I had another look and while this is certainly not trivial for someone not familiar with details of Brian's code generation mechanism, it should not be that hard either. We need a new variable, say Ic in the equations (similar to the way we add volume, area, and other constants) and then indeed change all the spatialstateupdate templates. The necessary change is relative straightforward though:

  1. Add Ic to the list of variables used in the template (at the top in the USES_VARIABLES block)
  2. Before the last block of code in the example (the block that updates the value of {{v}}), copy of the current value of {{v}}, i.e. for numpy something like _v_previous = {{v}}.copy().
  3. After the update, calculate the difference between the new and the old values, and update Ic accordingly. For numpy: {{Ic}}[:] = {{Cm}}*({{v}} - _v_previous)/{{dt}}

Note that in the above, all names except _v_previous are template variables, e.g. {{v}} will be replaced by something like _array_neurongroup_v in the final code. For _v_previous, this is not necessary, since it is a temporary variable that is not stored.

If you are interested in working on this, please go ahead! Try it first for one single code generation target (numpy should be the easiest), converting the same approach to Cython and C++ should then be straightforward.

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mstimberg commented Mar 23, 2017

I have tried obtaining the capacitive currents as explained in the LFP example, in a different script. I was able to get it to work after modifying the example slightly, adding a different order parameter to the run_regularly function.

Hmm, I'm surprised that this makes a difference. In the example, the run_regularly operation is performed in the start slot and the summed variable is updated in after_groups -- the order parameter only affects operations happening within the same slot, so I don't see how it should matter. Either way, I think we all agree that juggling with when and order is not what a user should be forced to do for this use case.

However, when I sum up the currents across compartments (ie Im+Icap), they do not sum up to zero, which as far as I understand it should not be possible according to Kirchhoff's circuit laws.

Are you sure this is not just a numerical artefact? I did a quick check with the LFP example, and the two currents (summed across compartments) look identical, with small deviations during the spike. Using a smaller time step makes the deviations go away (or at least get very small).

I find the nomenclature a bit misleading. The documentation says Im is the total membrane current, when in fact it is only the ionic part, to which the capacitive part must be added to obtain the total current. Maybe this also means that I have misunderstood something.

We can certainly make this clearer in the documentation, but I think it is standard nomenclature, e.g. the Dayan&Abbot book says: "The total current flowing across the membrane through all of its ion channels is called the membrane current of the neuron." Actually, while the user normally only defines the ionic currents as part of Im, all electrode currents (using the point current mechanism) will also end up in Im, so we should be careful here.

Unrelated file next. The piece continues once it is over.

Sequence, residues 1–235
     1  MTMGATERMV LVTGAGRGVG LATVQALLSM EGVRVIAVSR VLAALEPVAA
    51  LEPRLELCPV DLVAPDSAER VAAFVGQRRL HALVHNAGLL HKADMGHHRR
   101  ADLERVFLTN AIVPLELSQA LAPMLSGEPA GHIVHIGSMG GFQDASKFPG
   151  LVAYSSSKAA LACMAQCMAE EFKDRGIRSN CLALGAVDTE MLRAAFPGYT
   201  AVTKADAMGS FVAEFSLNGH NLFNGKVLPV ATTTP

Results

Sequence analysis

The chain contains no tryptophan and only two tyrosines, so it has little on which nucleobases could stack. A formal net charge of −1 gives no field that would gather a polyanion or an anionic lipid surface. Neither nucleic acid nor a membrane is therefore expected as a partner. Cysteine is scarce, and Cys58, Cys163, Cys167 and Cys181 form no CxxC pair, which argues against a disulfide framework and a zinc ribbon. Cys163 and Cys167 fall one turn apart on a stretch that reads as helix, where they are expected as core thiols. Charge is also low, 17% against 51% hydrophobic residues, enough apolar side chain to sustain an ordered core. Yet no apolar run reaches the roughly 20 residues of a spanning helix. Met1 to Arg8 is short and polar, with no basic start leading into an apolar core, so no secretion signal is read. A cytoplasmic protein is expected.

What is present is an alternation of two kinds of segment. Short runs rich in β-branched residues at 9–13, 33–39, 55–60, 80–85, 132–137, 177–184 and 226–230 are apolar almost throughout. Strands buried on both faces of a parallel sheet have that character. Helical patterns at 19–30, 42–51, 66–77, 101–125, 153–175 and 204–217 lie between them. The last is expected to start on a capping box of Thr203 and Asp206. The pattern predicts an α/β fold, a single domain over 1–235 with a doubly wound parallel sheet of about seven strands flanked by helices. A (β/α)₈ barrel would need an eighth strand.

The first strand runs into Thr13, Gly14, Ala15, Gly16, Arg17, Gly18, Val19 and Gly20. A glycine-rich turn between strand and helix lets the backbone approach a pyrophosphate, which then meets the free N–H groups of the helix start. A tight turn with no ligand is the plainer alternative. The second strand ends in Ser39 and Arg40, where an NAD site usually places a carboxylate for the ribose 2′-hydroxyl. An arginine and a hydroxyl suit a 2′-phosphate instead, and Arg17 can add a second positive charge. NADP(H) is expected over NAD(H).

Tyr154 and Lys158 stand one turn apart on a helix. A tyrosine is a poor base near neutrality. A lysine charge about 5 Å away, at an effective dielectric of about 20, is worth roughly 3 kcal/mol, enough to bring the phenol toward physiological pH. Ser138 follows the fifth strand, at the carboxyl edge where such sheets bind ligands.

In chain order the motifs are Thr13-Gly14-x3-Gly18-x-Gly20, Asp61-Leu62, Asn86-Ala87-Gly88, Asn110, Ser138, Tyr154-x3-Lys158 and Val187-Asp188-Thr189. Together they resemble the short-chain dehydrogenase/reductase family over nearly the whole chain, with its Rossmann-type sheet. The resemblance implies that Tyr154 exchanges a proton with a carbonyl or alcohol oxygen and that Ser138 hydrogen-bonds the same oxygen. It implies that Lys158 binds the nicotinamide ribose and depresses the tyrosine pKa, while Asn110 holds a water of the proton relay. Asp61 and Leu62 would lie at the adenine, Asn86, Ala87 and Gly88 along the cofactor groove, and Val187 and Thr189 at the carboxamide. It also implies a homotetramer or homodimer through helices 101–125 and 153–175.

I have looked into implementing the feature directly, but @mstimberg correctly removed the easy tag, as this appears to be no trivial matter. The voltages are updated directly in the spatialstateupdate codegen module, which means that most likely all of the templates would have to be updated to make this possible.

I had another look and while this is certainly not trivial for someone not familiar with details of Brian's code generation mechanism, it should not be that hard either. We need a new variable, say Ic in the equations (similar to the way we add volume, area, and other constants) and then indeed change all the spatialstateupdate templates. The necessary change is relative straightforward though:

  1. Add Ic to the list of variables used in the template (at the top in the USES_VARIABLES block)
  2. Before the last block of code in the example (the block that updates the value of {{v}}), copy of the current value of {{v}}, i.e. for numpy something like _v_previous = {{v}}.copy().
  3. After the update, calculate the difference between the new and the old values, and update Ic accordingly. For numpy: {{Ic}}[:] = {{Cm}}*({{v}} - _v_previous)/{{dt}}

Note that in the above, all names except _v_previous are template variables, e.g. {{v}} will be replaced by something like _array_neurongroup_v in the final code. For _v_previous, this is not necessary, since it is a temporary variable that is not stored.

If you are interested in working on this, please go ahead! Try it first for one single code generation target (numpy should be the easiest), converting the same approach to Cython and C++ should then be straightforward.

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Are you sure this is not just a numerical artefact? I did a quick check with the LFP example, and the two currents (summed across compartments) look identical, with small deviations during the spike. Using a smaller time step makes the deviations go away (or at least get very small).